You asked for it, and we (somehow) delivered – we managed to pull BJJ instructors Scott Fritzinger and Andrew Bowers off the mat long enough to write this post. Meet the guys running the show here at Guerrilla Jiu Jitsu in Reno.
Scott and Andrew, RENO bjj instructors
We asked the boys about their favorite part of BJJ, and, well, these are pretty good answers.
“The thing that keeps me interested in BJJ, even after all of my years of training, is the constant mental challenge,” says Scott. “A lot is made of the physical aspect of the art, but the mental part is just as, if not more, challenging. So much so that it becomes a creative outlet on top of a physical activity.”
Wow! Keep going, Scott.
“The person who has instilled that sense of wonder in me the most is Dave Camarillo, the head of Guerrilla Jiu Jitsu. He has the ability to break down positions and techniques to their basics and explain not only how to do something, but also why to do something. That is something I’ve taken to heart in my teaching, trying to ensure that students actually understand a technique, not just how to do it.”
Awesome. What about you, Andrew?
“Growth in BJJ is brought through struggle,” he says. “The intensity of training brings humility, introspection, and a practical skill. After training for 10 years, I still feel like I’m just starting to learn.”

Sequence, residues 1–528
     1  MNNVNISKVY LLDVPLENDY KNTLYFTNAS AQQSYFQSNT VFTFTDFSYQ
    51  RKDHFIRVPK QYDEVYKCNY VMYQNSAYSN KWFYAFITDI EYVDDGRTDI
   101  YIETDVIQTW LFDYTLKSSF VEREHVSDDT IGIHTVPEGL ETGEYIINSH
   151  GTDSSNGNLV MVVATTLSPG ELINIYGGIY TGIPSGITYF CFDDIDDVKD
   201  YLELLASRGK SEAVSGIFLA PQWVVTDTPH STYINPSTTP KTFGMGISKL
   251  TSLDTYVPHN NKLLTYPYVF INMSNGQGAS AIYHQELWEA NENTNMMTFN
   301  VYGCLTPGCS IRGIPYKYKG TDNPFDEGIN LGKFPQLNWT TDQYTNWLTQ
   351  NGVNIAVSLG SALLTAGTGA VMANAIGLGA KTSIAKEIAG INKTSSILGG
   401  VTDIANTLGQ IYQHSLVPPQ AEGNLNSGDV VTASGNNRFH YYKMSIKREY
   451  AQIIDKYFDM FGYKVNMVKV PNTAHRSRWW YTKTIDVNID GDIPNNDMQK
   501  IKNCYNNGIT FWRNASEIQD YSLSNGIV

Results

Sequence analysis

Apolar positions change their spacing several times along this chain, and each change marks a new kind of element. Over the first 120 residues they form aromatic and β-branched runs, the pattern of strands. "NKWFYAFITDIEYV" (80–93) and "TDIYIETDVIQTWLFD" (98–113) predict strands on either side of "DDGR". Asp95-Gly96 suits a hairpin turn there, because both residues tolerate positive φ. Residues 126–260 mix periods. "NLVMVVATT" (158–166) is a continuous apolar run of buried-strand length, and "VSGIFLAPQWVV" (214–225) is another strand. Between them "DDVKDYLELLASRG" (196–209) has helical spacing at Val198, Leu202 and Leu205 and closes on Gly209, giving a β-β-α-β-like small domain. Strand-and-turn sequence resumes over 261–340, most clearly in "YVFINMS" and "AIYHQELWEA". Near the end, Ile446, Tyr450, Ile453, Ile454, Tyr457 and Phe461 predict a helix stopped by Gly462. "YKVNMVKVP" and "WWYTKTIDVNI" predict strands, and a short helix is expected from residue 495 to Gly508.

Sounds great. Now tell us why anyone debating picking up the sport should give Guerrilla a whirl.
“We foster a learning environment that is accepting of everyone regardless of gender, size, and personality with an emphasis on safety,” says Scott. “Classes are a mix of people from various professions who are there to learn, not get repeatedly injured. We can provide a safe learning environment because we use teaching techniques which minimize the likelihood of injury and increase the retention of material. In short, our students get better, faster, because of not only the way we teach, but also because they spend more time on the mat since they are much less likely to get injured.”
True story. Anything else you’d like to add?
“The hardest part in training BJJ is stepping on the mat the first time,” Scott says. “It can be incredibly intimidating to even step foot in the school. But, once you do, you will see just how easy we make it to get started and to set you at ease. Pick a class time, ANY class time, from our schedule, show up 15 minutes early in some comfortable workout clothes, and we’ll take care of the rest.”
“Intimidation is natural when starting something new – always,” he says. “Once someone gives the art an honest trial, the intimidation will disappear.”
ready to roll?
Finding the right BJJ school can be tricky – next post alert – and jiving with the instructors is a good first step. If you’re considering starting BJJ, we invite you to come in and meet Andrew and Scott, check out the facility, and sit in on a class. You’ll pick up on the class dynamic really quickly, and you’ll be in a great place to decide if Guerrilla is right for you.